Heart book appeal © 2014 Frank Chester. All rights reserved.

An appeal for funding a book on the human heart

The Human Heart

AN APPEAL – to the readers – FOR FUNDING A BOOK
to be written offering a new understanding concerning the Human Heart and addressing related perceptions and unresolved questions within the medical profession.

A Little Background

Chestahedron textured bronze
A coloured bronze casting by Frank Chester of the seven-sided Chestahedron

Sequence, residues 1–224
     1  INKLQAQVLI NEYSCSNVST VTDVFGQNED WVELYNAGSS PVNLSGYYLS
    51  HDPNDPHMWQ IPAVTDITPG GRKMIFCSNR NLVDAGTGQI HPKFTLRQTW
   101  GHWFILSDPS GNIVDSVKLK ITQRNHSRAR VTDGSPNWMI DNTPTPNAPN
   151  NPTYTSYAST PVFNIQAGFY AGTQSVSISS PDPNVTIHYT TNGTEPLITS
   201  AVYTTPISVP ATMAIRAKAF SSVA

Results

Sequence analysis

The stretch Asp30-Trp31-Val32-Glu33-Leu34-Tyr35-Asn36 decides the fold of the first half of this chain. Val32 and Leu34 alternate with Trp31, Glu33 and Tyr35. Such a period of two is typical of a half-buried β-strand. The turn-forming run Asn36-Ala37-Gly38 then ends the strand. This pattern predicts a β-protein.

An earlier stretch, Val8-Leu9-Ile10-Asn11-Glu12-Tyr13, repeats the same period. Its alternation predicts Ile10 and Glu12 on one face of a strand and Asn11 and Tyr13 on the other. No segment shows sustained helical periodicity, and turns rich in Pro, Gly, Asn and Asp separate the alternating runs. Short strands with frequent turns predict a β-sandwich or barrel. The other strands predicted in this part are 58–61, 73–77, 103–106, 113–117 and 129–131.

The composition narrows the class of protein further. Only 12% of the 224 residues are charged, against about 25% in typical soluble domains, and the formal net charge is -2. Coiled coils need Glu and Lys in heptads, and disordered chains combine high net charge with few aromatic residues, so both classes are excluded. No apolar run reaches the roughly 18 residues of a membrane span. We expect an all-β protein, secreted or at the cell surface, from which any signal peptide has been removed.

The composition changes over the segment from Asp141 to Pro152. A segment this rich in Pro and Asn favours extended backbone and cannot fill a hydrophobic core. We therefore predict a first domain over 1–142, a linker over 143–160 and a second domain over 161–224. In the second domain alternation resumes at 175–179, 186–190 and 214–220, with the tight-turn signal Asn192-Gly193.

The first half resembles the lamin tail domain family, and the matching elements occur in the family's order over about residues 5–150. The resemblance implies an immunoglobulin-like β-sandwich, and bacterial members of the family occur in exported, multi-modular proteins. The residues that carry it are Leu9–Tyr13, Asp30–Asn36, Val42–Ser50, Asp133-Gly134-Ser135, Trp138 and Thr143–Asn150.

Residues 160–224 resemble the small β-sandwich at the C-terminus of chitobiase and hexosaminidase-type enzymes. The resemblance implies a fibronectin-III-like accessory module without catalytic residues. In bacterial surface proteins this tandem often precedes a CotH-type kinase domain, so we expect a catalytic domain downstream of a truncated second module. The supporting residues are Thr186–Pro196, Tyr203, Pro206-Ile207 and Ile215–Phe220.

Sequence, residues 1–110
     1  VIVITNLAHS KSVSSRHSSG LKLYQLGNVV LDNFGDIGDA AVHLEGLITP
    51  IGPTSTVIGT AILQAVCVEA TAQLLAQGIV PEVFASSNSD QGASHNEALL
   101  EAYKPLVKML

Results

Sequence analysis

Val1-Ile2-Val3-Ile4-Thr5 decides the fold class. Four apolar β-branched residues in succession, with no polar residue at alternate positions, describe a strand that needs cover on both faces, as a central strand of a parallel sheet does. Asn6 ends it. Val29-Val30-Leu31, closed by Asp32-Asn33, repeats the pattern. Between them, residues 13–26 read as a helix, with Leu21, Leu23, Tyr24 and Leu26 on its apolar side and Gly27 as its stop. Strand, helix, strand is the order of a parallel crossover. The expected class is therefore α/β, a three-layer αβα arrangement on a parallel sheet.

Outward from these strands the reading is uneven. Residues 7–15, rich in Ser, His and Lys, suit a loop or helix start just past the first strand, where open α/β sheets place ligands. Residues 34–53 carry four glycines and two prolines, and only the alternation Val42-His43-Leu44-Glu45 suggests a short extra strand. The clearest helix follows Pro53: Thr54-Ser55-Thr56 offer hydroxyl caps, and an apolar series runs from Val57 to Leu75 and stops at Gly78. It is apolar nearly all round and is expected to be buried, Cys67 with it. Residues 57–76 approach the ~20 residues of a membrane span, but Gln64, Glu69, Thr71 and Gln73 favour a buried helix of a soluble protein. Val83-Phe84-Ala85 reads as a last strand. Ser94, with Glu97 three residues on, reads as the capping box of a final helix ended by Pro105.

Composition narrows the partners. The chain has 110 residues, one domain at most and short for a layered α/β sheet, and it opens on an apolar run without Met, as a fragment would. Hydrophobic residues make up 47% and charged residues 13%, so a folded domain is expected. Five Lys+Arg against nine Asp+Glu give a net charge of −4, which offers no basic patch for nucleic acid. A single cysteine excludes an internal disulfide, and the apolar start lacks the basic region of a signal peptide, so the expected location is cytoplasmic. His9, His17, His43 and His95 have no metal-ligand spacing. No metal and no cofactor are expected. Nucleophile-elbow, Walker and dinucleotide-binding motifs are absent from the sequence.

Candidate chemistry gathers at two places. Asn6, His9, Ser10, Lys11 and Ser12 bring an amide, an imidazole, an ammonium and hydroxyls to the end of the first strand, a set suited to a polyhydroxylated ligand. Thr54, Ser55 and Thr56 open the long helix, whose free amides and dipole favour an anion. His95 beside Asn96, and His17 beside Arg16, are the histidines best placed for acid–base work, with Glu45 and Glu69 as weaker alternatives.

Frank Chester is an artist, sculptor and geometrician living in San Francisco, California, USA. After retiring from 30 years of teaching art, design, technical drawing and physical fitness in High Schools and Colleges, he discovered the work of Rudolf Steiner in 1997. After an experience he had when observing a large model of the great wooden capitals that Steiner had designed and helped to carve for the First Goetheanum in Basle, Switzerland, Frank was inspired to begin a quest to find a form that had seven sides of equal surface area. Working in a fully artistic way with sculptured models, he finally came upon this unique form in 2000. He later discovered that this form can also be found by rotating a tetrahedron within a cube, something which has never been done before in recorded history. Researching further Frank made an important discovery: that this seven-sided geometric form is the basis of the human heart. Frank therefore named his discovered geometric form the Chestahedron, as the heart resides in the chest. (The background to this discovery, and others connected to it, is related in a series of articles published in the 2010 Summer, Autumn and Winter issues of New View magazine; print copies or electronic PDF’s of these articles are available on request for genuine funding inquiries). In researching this form over the last fifteen years, Frank has made many discoveries, particularly in relation to the human heart.